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Facebook develops a way to reverse engineer DeepFakes and identify their source



Disinformation and misinformation is its own growing pandemic, and Facebook’s latest innovation can identify who’s creating it.


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Deepfakes aren’t a big problem on Facebook right now, but they could be in the future which is why the company has been funding research into the technology to guard against future threats. Facebook’s latest work is a collaboration with academics from Michigan State University (MSU) who have been finding ways to reverse engineer deepfakes by analyzing Artificial Intelligence (AI) generated images in order to reveal identifying tell tale characteristics of the AI machine learning model that created it.


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The research is interesting because it could very well become the best way for Facebook not only to identify deepfakes but also pinpoint exactly who made them and what else they’ve been creating – thereby helping the company quickly uncover “nefarious” networks of bad actors who might be trying to do everything from discrediting people and rigging democratic elections.


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Previous studies have been able to determine which known AI model generated a deepfake, but this work, led by MSU’s Vishal Asnani, goes a step further by identifying the architectural traits of unknown models. These traits, known as hyper-parameters, have to be tuned in each machine learning model like parts in an engine. Collectively, they leave a unique fingerprint on the finished image that can then be used to identify its source.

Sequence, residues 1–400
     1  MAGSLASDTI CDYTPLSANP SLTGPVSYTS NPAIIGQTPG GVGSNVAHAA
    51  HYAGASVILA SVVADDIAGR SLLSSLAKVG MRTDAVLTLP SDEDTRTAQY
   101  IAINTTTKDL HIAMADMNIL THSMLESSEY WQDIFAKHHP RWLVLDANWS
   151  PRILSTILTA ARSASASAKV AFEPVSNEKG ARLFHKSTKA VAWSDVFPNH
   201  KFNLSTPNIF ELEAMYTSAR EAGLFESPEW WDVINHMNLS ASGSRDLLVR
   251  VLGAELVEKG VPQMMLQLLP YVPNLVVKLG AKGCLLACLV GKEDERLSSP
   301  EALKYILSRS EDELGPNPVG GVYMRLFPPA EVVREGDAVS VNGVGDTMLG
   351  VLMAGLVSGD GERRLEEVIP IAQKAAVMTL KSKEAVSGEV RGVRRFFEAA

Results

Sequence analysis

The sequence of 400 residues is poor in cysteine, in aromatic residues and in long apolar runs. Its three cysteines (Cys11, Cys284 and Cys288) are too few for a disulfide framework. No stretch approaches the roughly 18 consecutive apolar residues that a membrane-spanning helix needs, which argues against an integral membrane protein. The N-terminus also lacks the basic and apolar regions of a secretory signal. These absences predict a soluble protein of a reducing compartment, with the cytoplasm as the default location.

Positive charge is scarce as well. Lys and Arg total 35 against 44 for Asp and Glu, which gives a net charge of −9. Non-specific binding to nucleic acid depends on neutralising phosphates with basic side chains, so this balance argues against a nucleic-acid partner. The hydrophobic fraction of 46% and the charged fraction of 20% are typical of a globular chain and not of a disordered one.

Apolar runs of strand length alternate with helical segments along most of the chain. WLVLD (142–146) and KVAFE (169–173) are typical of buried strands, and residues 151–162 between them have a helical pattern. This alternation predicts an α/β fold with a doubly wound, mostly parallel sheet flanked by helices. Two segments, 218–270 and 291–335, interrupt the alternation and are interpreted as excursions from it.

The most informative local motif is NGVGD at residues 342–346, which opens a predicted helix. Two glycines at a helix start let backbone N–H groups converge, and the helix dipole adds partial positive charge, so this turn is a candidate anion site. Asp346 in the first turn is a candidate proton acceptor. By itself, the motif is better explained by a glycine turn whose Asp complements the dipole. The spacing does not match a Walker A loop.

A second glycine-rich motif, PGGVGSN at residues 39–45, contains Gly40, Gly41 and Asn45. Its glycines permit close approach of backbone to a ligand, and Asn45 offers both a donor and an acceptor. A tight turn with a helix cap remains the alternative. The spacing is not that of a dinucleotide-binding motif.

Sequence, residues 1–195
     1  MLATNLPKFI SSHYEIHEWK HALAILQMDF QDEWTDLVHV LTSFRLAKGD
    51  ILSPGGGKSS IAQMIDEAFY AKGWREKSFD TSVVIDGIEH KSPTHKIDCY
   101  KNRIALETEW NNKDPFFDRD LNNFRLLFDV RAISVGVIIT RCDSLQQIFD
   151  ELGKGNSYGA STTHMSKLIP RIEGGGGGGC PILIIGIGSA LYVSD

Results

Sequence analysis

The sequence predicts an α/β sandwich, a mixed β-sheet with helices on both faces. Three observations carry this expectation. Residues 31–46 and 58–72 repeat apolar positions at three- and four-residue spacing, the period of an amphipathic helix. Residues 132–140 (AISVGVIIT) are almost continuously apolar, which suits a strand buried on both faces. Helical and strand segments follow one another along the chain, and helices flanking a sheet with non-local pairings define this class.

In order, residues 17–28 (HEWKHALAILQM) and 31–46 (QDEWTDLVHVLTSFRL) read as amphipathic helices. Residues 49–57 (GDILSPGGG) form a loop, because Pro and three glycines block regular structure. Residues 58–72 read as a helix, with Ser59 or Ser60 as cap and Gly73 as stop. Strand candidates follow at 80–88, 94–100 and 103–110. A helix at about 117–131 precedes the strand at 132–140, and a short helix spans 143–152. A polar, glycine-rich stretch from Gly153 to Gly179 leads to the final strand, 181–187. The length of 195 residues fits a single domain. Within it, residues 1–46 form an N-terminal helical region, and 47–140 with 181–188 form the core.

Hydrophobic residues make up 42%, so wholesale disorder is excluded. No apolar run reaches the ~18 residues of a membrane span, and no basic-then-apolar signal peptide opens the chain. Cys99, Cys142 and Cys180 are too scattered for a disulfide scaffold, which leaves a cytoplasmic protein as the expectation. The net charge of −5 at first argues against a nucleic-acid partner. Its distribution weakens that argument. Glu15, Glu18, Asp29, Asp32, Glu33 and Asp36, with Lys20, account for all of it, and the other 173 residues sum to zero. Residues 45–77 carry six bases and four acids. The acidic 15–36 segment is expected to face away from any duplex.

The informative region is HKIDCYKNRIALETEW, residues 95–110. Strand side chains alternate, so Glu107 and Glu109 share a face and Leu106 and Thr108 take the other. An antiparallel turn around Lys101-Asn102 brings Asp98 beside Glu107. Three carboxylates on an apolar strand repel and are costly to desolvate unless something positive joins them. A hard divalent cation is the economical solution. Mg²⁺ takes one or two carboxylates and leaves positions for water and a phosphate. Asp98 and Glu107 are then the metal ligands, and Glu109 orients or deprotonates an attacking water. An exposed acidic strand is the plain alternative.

Identifying the traits of unknown models is important, Facebook research lead Tal Hassner told The Verge, because deepfake software is extremely easy to customize. This potentially allows bad actors to cover their tracks if investigators were trying to trace their activity.


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“Let’s assume a bad actor is generating lots of different deepfakes and uploads them on different platforms to different users,” says Hassner. “If this is a new AI model nobody’s seen before, then there’s very little that we could have said about it in the past. Now, we’re able to say, ‘Look, the picture that was uploaded here, the picture that was uploaded there, all of them came from the same [AI] model [or group of people].’ And if we were able to seize the laptop or computer [used to generate the content], we will be able to say definitively, ‘This is the culprit.’” And that’s a game changer.

Hassner compares the work to forensic techniques used to identify which model of camera was used to take a picture by looking for patterns in the resulting image, or which gun fired a particular shot based on the patterns left by its unique firing pin.

“Not everybody can create their own camera or gun, though,” he says. “Whereas anyone with a reasonable amount of experience and standard computer can cook their own [AI] model that generates deepfakes.”

Not only can the resulting algorithm fingerprint the traits of a generative model, but it can also identify which known model created an image and whether an image is a deepfake in the first place.


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“On standard benchmarks, we get state-of-the-art results,” says Hassner.

But it’s important to note that even these state-of-the-art results are far from reliable. When Facebook held a deepfake detection competition last year, the winning algorithm was only able to detect AI-manipulated videos 65.18 percent of the time. Researchers involved said that spotting deepfakes using algorithms is still very much an “unsolved problem.”

Part of the reason for this is that the field of generative AI is extremely active. New techniques are published every day, and it’s nearly impossible for any filter to keep up.

Those involved in the field are keenly aware of this dynamic, and when asked if publishing this new fingerprinting algorithm will lead to research that can go undetected by these methods, Hassner agrees.

“I would expect so,” he says. “This is a cat and mouse game, and it continues to be a cat and mouse game.”

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